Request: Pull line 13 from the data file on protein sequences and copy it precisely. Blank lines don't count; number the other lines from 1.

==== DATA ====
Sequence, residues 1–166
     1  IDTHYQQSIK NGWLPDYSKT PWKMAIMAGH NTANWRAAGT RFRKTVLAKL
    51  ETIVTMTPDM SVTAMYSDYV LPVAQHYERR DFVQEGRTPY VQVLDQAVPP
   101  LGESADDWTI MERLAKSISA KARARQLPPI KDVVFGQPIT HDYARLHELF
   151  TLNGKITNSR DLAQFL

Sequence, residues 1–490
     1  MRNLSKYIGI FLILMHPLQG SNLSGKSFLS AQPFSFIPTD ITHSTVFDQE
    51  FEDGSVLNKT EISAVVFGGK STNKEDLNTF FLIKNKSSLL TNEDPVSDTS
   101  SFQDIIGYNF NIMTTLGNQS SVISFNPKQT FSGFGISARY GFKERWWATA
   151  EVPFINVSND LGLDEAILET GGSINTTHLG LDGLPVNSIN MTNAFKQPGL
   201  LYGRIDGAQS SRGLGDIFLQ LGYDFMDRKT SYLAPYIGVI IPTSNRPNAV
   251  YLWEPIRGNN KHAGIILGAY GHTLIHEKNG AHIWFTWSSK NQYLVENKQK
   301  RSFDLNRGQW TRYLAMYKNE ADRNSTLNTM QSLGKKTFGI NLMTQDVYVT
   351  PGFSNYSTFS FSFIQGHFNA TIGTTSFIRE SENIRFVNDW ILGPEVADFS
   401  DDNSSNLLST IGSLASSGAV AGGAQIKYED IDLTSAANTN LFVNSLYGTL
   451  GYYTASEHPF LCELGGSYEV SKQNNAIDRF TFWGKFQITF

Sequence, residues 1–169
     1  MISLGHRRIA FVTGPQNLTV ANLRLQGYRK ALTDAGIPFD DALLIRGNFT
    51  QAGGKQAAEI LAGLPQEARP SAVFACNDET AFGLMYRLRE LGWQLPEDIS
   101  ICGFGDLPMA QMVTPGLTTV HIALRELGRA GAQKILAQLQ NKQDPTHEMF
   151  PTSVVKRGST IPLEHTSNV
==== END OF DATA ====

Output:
   301  RSFDLNRGQW TRYLAMYKNE ADRNSTLNTM QSLGKKTFGI NLMTQDVYVT